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    Why is Atatürk still so dear to Turks?

    Güven Sak, PhD21 March 2021 - Okunma Sayısı: 1454

    The British and French naval forces launched a campaign against the Turkish positions in the Dardanelles on March 18, 1915. They failed. The date has been drilled deep inside my head since childhood. On every March 18, my grandfather Ömer Kemal, may God rest his soul, use to start the day by asking all of us the significance of the date.

    Later, perhaps budging to sarcastic remarks around the breakfast table, he would put reading material on the table. It was something like a sheet of paper from the calendar with basic information on the Dardanelles. He was trying to share a part of himself too big to fit into young heads – the immense pain of an empire lost, gratitude for what was salvaged from it.

    Why was March 18 so significant for our little family? My grandfather was one of the Turkish soldiers in the Dardanelles in 1915. He was forever proud to have been there. He was born around the turn of the century in Ottoman Silistra, present-day Bulgaria. Remember that the Ottoman Empire was European from the start – Bosnia became part of the empire before the Anatolian town of Kayseri.

    My grandfather’s world began to crumble with the Balkan wars in 1910-1912. He was drafted at an early age and fought on the eastern front against the Russians and was later sent to the Dardanelles in 1915. After that, he was stationed in Palestine, where he fought the British and became a prisoner of war in Egypt. He was released and returned to Bursa, my hometown, around the early 1920s. By that time, he had spent more than 10 years fighting and moving around, and for what? The empire he defended fell apart in the end.

    Have you read Eugene Rogan’s “The Fall of the Ottomans”? Rogan went to Gallipoli because his granduncle, Lance Corporal John McDonald, was killed there. McDonald was born in Perth, Scotland, and died in Gallipoli on June 28, 1915. At the beginning of the book, Rogan writes, “While my great uncle’s unit had suffered 1,400 casualties and British losses reached 3,800, as many as 14,000 Ottomans fell dead at Gully Ravine… All the books I read … treated the terrible waste of British life on the day my great granduncle died. None of the English sources had mentioned the Turkish war dead. It was sobering to realize that the number of bereaved Turkish families would have surpassed the number of those grieving in Scotland.” That revelation gave us the book.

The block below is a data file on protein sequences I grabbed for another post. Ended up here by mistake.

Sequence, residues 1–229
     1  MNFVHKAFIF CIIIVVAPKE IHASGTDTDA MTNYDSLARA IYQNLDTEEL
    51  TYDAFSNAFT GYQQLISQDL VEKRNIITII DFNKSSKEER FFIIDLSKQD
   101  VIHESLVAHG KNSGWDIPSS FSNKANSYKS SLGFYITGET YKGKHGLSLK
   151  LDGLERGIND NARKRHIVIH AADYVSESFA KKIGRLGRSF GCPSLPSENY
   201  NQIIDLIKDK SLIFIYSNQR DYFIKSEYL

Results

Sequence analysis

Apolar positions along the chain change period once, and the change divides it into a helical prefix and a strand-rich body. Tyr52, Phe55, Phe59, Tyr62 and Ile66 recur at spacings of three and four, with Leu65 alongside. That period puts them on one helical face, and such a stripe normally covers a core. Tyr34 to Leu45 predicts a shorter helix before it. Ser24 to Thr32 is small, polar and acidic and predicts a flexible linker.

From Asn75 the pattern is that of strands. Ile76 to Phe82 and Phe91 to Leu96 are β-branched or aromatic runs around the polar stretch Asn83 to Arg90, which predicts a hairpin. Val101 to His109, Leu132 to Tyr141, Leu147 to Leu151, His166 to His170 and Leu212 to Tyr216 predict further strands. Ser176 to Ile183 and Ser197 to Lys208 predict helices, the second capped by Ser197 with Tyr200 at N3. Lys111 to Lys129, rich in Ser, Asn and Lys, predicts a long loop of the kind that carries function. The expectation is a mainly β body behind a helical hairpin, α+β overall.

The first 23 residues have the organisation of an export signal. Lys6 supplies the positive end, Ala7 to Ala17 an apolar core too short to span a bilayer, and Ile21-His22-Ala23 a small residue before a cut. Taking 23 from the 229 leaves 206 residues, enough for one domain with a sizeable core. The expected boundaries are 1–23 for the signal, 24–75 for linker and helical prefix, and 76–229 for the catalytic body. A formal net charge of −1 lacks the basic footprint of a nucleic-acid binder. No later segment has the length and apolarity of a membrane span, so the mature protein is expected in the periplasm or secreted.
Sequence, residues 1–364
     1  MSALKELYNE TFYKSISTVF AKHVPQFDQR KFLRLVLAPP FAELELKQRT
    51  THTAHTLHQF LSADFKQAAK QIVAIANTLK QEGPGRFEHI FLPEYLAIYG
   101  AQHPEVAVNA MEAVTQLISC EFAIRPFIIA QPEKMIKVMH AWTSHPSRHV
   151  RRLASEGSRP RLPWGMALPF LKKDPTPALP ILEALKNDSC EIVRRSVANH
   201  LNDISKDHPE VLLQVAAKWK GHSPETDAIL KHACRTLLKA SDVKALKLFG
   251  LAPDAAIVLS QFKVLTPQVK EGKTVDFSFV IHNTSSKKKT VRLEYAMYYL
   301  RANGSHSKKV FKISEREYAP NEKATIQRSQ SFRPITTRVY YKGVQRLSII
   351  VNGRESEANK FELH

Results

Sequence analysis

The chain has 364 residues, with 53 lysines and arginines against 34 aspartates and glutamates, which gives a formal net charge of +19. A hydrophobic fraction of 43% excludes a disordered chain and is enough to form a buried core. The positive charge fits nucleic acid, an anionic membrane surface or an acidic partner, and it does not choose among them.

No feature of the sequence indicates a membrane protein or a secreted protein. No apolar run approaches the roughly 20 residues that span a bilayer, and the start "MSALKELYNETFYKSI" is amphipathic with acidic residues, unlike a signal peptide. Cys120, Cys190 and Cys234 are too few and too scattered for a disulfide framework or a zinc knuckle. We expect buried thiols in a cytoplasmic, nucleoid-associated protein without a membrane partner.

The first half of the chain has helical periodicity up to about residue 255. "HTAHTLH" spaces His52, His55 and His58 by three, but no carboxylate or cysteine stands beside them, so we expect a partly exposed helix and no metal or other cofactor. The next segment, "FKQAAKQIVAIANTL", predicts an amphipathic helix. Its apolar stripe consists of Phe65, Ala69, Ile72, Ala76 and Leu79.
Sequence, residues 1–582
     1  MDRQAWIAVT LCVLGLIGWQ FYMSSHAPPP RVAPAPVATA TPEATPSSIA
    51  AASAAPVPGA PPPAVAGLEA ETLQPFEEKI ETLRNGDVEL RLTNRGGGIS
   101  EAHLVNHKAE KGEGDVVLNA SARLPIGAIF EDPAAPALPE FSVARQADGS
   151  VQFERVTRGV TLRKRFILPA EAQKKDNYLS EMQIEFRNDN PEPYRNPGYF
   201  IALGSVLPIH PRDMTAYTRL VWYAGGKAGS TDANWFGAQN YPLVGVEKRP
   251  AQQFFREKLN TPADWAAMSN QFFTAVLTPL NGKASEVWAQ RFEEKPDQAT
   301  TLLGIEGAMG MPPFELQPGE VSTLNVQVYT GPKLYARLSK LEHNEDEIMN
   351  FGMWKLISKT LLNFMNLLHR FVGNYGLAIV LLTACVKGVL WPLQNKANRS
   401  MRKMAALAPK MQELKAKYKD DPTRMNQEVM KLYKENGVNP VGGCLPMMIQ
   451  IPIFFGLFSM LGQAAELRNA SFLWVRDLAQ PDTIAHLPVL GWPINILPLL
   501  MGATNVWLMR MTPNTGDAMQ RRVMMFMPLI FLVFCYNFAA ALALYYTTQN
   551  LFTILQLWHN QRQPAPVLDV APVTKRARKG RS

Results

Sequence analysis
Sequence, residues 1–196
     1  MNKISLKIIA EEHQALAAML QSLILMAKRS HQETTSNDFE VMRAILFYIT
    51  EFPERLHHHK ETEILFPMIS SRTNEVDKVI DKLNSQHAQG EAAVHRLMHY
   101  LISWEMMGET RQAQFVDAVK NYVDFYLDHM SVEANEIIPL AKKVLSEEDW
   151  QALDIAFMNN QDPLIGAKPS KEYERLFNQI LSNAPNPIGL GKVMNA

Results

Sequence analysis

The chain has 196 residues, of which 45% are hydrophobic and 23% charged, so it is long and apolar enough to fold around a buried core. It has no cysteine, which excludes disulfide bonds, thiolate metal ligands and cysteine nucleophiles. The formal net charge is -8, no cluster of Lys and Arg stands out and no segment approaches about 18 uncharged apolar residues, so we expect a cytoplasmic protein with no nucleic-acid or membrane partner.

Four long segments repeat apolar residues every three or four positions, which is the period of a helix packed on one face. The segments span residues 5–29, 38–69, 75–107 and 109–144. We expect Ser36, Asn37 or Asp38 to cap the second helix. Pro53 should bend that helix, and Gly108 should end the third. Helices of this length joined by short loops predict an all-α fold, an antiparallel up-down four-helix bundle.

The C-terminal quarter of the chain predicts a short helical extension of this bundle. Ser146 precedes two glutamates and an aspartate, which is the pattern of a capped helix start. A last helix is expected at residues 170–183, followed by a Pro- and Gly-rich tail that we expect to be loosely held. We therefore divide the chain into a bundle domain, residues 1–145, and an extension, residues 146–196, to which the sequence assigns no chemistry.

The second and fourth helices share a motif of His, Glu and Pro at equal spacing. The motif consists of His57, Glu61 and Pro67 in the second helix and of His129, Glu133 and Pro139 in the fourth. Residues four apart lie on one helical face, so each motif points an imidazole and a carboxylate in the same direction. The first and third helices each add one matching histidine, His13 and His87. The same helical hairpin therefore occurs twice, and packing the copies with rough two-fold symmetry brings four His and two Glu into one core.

It must indeed have been very similar for Turkish soldiers. When my grandfather was fighting in the Dardanelles, his uncle was killed right beside him. He was just a kid at the time. A year before, he saw his younger brother, who was being treated for a gunshot wound, on his way to the Eastern front. That was the last time they saw each other. They said their farewells one last time in a long-forgotten place, at a long-forgotten time.

    So why is Mustafa Kemal Atatürk so dear to our hearts in Turkey? It’s because he gave us reason to be proud of after a long string of defeat, and people don’t forget that, not for generations. Together with a handful of open-minded officers of the cosmopolitan empire, he led the Turks in building a new homeland.

    That pride is felt across formerly Ottoman lands, mind you. It was that same pride that led Amin Malouf’s grandfather to announce that he would be to name his new baby boy, Kemal, as his wife was expecting in 1921. However, his wife gave birth to a baby girl, yet the stubborn Lebanese has not changed his decision and named the baby girl Kemal.

    My grandfather was engaged to my grandmother in Bursa (ancient Prusa) around the same time when Malouf’s aunt was born. At that time, Izmir (ancient Smyrna) was still under Greek occupation. All were sons and daughters of the Empire, but they no longer knew what kind of country they would raise their children in. Atatürk led the War of Independence that gave shape to the new nation and recast the Ottoman state in Republican form. He made us proud once again in the community of nations.

    It must all have happened with mesmerizing speed. How do you control the dissolution of a vast empire stretched across three continents? Uncounted soldiers moved from one front to the other, trying to hold on to pieces of land.

    They were fighting the tides of history, with wave after wave remorselessly crashing down on them. Strangely enough, they did not entirely fail, which I think is the meaning of the First World War to us in Turkey. We were lucky to come away with our own country in the end, thanks to a handful of open-minded officers of the cosmopolitan empire and Atatürk leading them. Ömer Kemal was a lucky man, and so is his grandson.

     

    This commentary was published in Hürriyet Daily News on 20.03.2021

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